The surgical strike, implementation of GST, Pulwama attack and Covid-19 were not Modi Government’s real tests. The real test of their governance is in September, when more than 22 Lakh students will sit for NEET/JEE exams during this pandemic.
Let this editorial not misguide you by saying that the government’s decision to hold National Eligibility cum Entrance Exams (NEET) and Joint Entrance Exam (JEE) even during this pandemic is a welcoming step. This clearly manifests the seriousness with which the Indian government take these exams. It also shows the government’s concern towards the students’ academic year. But the concern and and outrageously audacious decision to hold exams are not enough. A blueprint must be given, with a promise of minimum damage and maximum safety.
The decision on NEET/JEE is PM Modi’s mantra of ‘Jaan Bhi, Jahan Bhi’. It is, we presume, to teach students the vicissitudes of life and that, despite all challenges, the life must go on. The rationale behind the decision is a dilemma that every stakeholder in these exams is faced with: what will be the state of student’s career if the exam is postponed or cancelled due to Coronavirus? Another reason, cited by the government, is to not allow the academic year to go waste.
Even 150 academicians who wrote a letter to PM Modi favouring exams, cited the same reason and further went on to say that “any further delay in conducting exams will result in a waste of a precious year of students. The dreams and future of our youth cannot be compromised at any cost.” The signatories of the letter include academicians from Delhi University, IGNOU, Lucknow University, JNU, BHU, IIT Delhi etc.
Thus, the bar is tilted towards the execution of examination. Education Minister, Ramesh Pokhriyal ‘Nishank’ recently reiterated that even students want to give the exam, thus the decision is fixed. However, this decision is analogous to a lion’s cave, and no matter how much one tries to justify that the lion is fast asleep, entry into the cave would still be calamitous.
It is severely putting millions of lives in peril, careers at stake, families on the brink of collapse, and the decision has, inevitably, favoured one class over another; a class that has resources to shield their ward from all dangers, or to even afford a year off.
#5 It's sad to see students appeal to politicians / administration / courts with clear logic and facts. The least they deserve is a patient hearing. Arushi also points out the massive issue of mental health issues – this mess is causing. #ExamsInCovidASuicide pic.twitter.com/cUrmhLx5Qb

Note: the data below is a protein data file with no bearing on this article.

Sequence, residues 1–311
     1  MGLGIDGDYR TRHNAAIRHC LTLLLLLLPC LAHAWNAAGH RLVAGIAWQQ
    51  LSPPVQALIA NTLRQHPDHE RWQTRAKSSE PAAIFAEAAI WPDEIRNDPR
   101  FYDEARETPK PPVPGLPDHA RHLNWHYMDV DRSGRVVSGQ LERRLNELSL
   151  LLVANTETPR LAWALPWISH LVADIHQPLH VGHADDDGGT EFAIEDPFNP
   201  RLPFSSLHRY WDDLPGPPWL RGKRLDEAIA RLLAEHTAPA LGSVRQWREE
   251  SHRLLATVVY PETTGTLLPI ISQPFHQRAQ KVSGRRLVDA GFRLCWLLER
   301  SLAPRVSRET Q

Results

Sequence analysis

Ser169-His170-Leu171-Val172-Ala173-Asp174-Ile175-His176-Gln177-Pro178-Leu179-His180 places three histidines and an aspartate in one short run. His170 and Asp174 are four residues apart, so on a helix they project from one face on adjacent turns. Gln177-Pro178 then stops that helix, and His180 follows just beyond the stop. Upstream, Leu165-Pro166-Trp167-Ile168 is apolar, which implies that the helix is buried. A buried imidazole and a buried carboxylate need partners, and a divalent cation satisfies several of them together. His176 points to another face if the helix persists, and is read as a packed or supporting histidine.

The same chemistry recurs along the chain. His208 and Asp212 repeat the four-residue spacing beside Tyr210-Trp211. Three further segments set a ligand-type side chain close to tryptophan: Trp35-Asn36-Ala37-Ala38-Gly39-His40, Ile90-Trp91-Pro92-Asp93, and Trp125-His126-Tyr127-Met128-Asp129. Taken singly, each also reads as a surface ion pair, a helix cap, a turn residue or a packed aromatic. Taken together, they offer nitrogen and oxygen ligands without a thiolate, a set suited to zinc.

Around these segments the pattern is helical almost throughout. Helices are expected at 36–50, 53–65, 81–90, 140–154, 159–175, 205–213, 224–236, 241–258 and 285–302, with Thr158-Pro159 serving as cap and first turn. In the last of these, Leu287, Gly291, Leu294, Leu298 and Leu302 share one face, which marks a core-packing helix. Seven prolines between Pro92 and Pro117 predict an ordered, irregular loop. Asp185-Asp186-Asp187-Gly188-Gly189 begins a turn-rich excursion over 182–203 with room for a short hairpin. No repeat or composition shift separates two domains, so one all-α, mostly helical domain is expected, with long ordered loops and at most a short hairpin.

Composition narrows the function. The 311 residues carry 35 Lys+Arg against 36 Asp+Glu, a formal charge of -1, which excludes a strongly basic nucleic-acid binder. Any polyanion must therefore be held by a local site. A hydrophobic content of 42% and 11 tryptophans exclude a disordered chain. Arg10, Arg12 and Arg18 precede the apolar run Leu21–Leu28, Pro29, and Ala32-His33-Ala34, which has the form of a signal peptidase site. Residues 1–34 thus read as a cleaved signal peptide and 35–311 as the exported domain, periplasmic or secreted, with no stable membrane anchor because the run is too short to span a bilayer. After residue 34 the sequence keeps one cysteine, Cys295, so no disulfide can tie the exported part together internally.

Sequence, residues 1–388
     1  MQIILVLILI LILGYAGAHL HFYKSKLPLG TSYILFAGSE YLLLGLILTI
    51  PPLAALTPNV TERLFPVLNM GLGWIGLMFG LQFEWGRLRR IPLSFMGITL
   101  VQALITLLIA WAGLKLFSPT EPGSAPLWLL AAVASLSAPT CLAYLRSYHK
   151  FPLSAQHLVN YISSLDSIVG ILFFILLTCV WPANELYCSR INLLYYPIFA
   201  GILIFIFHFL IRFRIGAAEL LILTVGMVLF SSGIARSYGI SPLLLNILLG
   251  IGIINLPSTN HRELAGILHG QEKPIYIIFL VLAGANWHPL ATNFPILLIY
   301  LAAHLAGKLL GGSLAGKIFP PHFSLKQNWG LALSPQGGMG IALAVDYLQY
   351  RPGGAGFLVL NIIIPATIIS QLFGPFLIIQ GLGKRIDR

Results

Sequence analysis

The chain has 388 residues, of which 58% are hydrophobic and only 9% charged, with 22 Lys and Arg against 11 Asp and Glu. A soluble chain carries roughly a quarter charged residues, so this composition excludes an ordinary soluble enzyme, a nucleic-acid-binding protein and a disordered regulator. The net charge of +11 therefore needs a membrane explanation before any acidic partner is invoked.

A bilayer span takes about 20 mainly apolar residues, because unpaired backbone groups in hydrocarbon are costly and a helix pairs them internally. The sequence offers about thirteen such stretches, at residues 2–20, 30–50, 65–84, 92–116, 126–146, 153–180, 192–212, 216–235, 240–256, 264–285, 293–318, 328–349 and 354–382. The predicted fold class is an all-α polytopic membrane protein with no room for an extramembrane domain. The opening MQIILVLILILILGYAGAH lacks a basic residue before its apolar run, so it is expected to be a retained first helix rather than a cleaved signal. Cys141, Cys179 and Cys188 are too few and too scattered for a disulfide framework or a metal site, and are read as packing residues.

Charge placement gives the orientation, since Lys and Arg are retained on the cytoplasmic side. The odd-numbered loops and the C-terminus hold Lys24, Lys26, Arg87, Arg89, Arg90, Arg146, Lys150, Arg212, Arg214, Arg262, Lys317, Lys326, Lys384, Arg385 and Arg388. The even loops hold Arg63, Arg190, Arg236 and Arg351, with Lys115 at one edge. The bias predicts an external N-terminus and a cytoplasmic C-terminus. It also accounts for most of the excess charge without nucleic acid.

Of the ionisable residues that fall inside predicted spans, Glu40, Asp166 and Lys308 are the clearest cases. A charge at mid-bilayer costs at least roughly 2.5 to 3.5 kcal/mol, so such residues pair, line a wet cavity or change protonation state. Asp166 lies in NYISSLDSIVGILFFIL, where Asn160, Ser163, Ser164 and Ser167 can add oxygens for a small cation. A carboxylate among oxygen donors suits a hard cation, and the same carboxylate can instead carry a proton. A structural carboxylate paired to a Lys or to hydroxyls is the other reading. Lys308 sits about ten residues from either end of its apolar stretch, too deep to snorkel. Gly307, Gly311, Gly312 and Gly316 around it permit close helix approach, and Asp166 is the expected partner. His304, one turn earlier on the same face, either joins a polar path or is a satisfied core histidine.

— Akash Banerjee (@TheDeshBhakt) August 21, 2020
In this case, the government must come out with a concrete blueprint on how they are aspiring to hold an exam so large in size. Since we cannot afford a crisis like migrant worker’s exodus on foot, a blueprint with clear, concrete and creative ways to safeguard the lives of millions of students should be the first priority of the Education and Home Minister.
Though National Testing Agency (NTA) has come out with standard protocols, making masks, gloves and sanitizers mandatory, thermal testing at the entrance and has also increased the number of exam centres for both JEE and NEET, the protocols are far from being satisfactory. Such protocols can easily be averted in large gatherings, putting every life in jeopardy.
Another way government can hold exams is in phases. Just as our general elections are held in phases, conducted state-wise and are held for over a month; JEE/NEET can also be held in phases, or state wise. This will give the central and state government a better chance in keeping the protocols at the check and in providing better safety measures to students.
This will also give the government a chance to keep a watch of what worked and did not work in the first few states, thereby rectifying the errors and correcting the mistakes in other subsequent states.
A nationwide exam of more than 22 lakh students is a recipe for chaos, failure and a gamble of human life.
Not only that, the government, which does not want to compromise the students’ careers must also give every student equal opportunity. They must provide bus and transportation services to students coming from remotest areas of our country, and a special passage for students living in flood-hit areas such as Bihar, Gujarat and Assam or rain-hit districts of Kerala.
The Modi government has unleashed upon itself a Himalayan task. In a pandemic-hit country, where flood and torrential rain have obstructed the daily life in several states, where railways and bus services are not in operation and where economic activity is in doldrums; a nationwide exam of millions of students is an audaciously dangerous task which the government cannot afford to fail at.
Thus, the surgical strike, implementation of GST, Pulwama attack and Covid19 are not the real tests of PM Modi. The real test of Modi’s governance will be in September when students from all across the country will put their lives in danger to safeguard their future.
It is then when PM Modi’s most advertised expertise in governance will be scrutinized. It can be a turning point for BJP. A game-changer for Congress.
In the words of Subramanian Swamy, “Indian voters may suffer silently but have a long memory.”